1. (4)

    CJ: nun

    (pause length: 0.21 s)

    CJ: sah er

    (pause length: 0.54 s)

    CJ: schon viel freundlicher aus (.) klar

     

Since the segmentation relies on a chronological axis, in some cases, the segments of one speaker may get interrupted by another speaker, but still continue afterwards, as in example 5.

  1. (5)

    LB: guckt eusch mal

    XM: (is rischtich)

    LB: die form des signals an

     

An ideal segmentation would reunite the segments having the separable verb and the respective verb particle under the same contribution. Since this is currently not a part of the corpus segmentation, we performed a lemma reconstruction not only contribution-wise, but also by considering the previous contributions of the same speaker. In addition to detecting the separable verbs, we assumed that this approach could be useful for improving the corpus segmentation in the future, since it would connect two syntactically dependent segments.

In the implementation part, we relied on the principle of Volk et al. (2016): we searched for all the occurrences of the verb particles (e.g., ein, tagged as PTKVZ) and combined them with the preceding finite verb (e.g., sehen, tagged as VVFIN). If the combined verb form (i.e., einsehen) existed, we assigned, on a new annotation layer, the reconstructed lemma to the finite form and an indicator pointing to that lemma to the particle. Schematically, our annotation layers had the form as in Table 1.
Table 1.

Annotation layers

ID

w1

w2

w3

w4

Transcription

des

sieht

gut

aus

Normalisation

das

sieht

gut

aus

Lemmatisation

das

sehen

gut

aus

Reconstruction   

das

aussehen   

gut

[w2]

STTS tag

PDS   

VVFIN

ADJD   

PTKVZ

To check the existence of the verb, we used the list of separable verbs collected by Andreas Göbel1 and extended it by adding reduced verb particle variants common in spoken language, such as drauf for darauf, ran for heran, rein for herein, rauf for herauf, etc. The resulting verb list contains a total of 7685 separable verbs.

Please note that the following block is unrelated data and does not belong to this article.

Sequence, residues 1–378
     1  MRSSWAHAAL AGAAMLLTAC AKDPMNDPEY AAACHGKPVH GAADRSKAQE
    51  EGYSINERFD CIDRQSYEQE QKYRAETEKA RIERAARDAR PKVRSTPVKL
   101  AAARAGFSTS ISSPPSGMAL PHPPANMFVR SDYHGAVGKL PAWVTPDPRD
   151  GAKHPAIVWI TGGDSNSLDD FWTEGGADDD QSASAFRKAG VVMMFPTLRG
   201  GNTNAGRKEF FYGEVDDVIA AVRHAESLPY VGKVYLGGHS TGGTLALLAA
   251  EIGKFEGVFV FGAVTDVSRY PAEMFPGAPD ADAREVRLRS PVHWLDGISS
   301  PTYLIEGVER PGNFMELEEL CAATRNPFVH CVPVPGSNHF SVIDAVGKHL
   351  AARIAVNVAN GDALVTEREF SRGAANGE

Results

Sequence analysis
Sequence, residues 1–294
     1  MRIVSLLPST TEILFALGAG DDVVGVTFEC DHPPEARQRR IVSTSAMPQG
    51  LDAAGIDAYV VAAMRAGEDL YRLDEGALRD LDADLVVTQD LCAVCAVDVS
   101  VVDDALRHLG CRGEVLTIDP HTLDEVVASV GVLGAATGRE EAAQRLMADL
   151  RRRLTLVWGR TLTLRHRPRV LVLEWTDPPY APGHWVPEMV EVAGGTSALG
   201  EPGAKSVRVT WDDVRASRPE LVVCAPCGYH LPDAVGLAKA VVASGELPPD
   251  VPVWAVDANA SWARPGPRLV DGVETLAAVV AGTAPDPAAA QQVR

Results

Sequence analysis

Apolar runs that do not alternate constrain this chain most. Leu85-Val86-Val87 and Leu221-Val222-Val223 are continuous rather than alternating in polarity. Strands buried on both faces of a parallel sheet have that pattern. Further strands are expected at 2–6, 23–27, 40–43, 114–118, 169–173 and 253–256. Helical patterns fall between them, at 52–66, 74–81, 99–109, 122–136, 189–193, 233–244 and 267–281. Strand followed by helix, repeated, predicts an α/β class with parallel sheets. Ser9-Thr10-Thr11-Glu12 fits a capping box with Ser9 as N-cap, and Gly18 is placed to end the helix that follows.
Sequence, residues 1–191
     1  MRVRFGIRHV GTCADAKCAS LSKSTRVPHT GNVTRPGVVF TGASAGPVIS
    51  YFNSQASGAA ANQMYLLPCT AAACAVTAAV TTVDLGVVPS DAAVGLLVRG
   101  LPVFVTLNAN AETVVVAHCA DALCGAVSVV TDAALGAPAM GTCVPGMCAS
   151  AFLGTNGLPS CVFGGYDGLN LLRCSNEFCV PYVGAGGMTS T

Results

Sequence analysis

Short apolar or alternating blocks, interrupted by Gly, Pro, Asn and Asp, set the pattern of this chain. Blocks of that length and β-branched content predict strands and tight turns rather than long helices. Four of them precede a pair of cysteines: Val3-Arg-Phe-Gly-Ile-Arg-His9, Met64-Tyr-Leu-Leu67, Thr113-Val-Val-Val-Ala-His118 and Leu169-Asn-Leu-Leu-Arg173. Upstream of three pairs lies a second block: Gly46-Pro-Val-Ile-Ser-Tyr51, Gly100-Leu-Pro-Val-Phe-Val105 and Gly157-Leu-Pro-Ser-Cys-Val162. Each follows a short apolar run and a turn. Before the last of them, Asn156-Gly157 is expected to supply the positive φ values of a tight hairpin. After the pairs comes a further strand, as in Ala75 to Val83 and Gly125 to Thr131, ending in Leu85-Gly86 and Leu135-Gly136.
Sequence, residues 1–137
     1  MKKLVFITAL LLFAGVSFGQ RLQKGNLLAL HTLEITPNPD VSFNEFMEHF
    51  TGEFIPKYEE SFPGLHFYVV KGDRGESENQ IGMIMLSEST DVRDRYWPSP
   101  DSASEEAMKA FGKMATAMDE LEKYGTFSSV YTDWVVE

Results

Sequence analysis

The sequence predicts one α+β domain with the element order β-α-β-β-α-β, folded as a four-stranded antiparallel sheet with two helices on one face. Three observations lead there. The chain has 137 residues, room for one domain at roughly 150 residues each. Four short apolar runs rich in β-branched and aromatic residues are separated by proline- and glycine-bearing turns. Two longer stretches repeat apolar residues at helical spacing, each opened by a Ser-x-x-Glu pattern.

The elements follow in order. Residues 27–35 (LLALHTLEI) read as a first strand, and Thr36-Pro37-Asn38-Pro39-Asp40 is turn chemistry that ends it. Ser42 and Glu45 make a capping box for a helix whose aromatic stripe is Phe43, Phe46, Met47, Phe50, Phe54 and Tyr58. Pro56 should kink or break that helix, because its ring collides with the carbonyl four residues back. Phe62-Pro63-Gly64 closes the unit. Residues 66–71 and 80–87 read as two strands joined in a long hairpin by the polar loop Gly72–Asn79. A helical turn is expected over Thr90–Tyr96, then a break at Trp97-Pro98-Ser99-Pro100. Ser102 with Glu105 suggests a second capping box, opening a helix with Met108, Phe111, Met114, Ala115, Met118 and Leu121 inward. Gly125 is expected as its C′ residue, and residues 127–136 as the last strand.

As suggested by Volk et al. (2016), we recombined the verb particles with the lemmas tagged as modal verbs or auxiliaries as well, since they might turn out to be separable verbs after the verb lemma reconstruction: if the particle vor (EN: ahead, before) succeeds the auxiliary verb haben (EN: to have), the reconstructed particle verb is vorhaben (EN: to intend). Concerning coordinated or multiple particles, we reconstructed both (or more) variants: In the segment machen sie einmal mit der faust auf und zu, both alternatives aufmachen (EN: to open) und zumachen (EN: to close) were added to the layer of reconstructed lemmas. We also considered non-standard pronunciations, for example the expressions such ashersch uf, which is a variant of hörst du auf (EN: will you stop that). However, it was beyond our aim to reconstruct the lemmas of highly dialectal verbs, such as the Alemannic feschthebe (literally: festheben in standard German), which has another base verb lemma in standard German (festhalten, EN: to hold tight).

To measure the frequency of the separated verbs crossing the current contribution boundaries, we performed the verb particle reconstruction for each of the following cases:
  1. 1.

    Contribution as boundary (the contribution boundaries are limits within which the reconstruction is performed);

     
  2. 2.

    Turn as boundary (the reconstruction is performed on the sequence of contributions belonging to one speaker);

     
  3. 3.

    No boundaries (the reconstruction can skip preceding contributions of another speaker).

     

For cases 2 and 3, we set a maximal distance of 23 words between the verb and verb particle, since this was the longest distance between a correctly reconstructed verb lemma in the GOLD standard (example 6).

  1. (6)

    AAC2: äh (.) achtnhalb jahre im verein gespielt (.) und jetzt spiele ich nur (.) ähm aus spaßmit meinen freunden aus der stufe h noch ei (.) aus_m

    AAC2: nach_er schule hh in so ner mittwochsliga mit (.) in so ner (.) indoorhalle

     

We first performed the reconstruction on the FOLK GOLD standard (Westpfahl and Schmidt 2016), which contains 145 manually annotated transcript excerpts (99247 tokens). Afterwards, we tested the usability of the methods on the entire FOLK corpus where lemmatisation and PoS tagging have not been checked manually (1.95 Million tokens, tagger accuracy: 95%).